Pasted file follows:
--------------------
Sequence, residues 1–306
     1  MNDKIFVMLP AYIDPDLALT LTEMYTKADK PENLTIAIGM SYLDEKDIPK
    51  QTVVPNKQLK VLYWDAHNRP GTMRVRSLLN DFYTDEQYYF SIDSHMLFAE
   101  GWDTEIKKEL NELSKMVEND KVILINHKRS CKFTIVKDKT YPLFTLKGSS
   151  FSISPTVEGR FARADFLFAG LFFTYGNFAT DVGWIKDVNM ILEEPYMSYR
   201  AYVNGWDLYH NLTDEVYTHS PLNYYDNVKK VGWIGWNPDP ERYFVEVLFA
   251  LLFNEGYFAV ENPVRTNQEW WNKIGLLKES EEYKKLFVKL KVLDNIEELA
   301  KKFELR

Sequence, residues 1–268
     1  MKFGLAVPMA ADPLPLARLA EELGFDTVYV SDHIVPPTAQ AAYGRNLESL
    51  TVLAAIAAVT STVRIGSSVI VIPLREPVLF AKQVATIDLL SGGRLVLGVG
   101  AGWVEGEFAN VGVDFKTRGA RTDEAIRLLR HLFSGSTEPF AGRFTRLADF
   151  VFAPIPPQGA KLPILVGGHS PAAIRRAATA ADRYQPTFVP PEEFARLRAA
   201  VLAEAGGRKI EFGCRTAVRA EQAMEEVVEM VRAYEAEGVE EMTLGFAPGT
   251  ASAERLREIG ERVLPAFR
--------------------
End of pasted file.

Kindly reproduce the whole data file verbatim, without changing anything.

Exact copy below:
Sequence, residues 1–306
     1  MNDKIFVMLP AYIDPDLALT LTEMYTKADK PENLTIAIGM SYLDEKDIPK
    51  QTVVPNKQLK VLYWDAHNRP GTMRVRSLLN DFYTDEQYYF SIDSHMLFAE
   101  GWDTEIKKEL NELSKMVEND KVILINHKRS CKFTIVKDKT YPLFTLKGSS
   151  FSISPTVEGR FARADFLFAG LFFTYGNFAT DVGWIKDVNM ILEEPYMSYR
   201  AYVNGWDLYH NLTDEVYTHS PLNYYDNVKK VGWIGWNPDP ERYFVEVLFA
   251  LLFNEGYFAV ENPVRTNQEW WNKIGLLKES EEYKKLFVKL KVLDNIEELA
   301  KKFELR

Sequence, residues 1–268
     1  MKFGLAVPMA ADPLPLARLA EELGFDTVYV SDHIVPPTAQ AAYGRNLESL
    51  TVLAAIAAVT STVRIGSSVI VIPLREPVLF AKQVATIDLL SGGRLVLGVG
   101  AGWVEGEFAN VGVDFKTRGA RTDEAIRLLR HLFSGSTEPF AGRFTRLADF
   151  VFAPIPPQGA KLPILVGGHS PAAIRRAATA ADRYQPTFVP PEEFARLRAA
   201  VLAEAGGRKI EFGCRTAVRA EQAMEEVVEM VRAYEAEGVE EMTLGFAPGT
   251  ASAERLREIG ERVLPAFR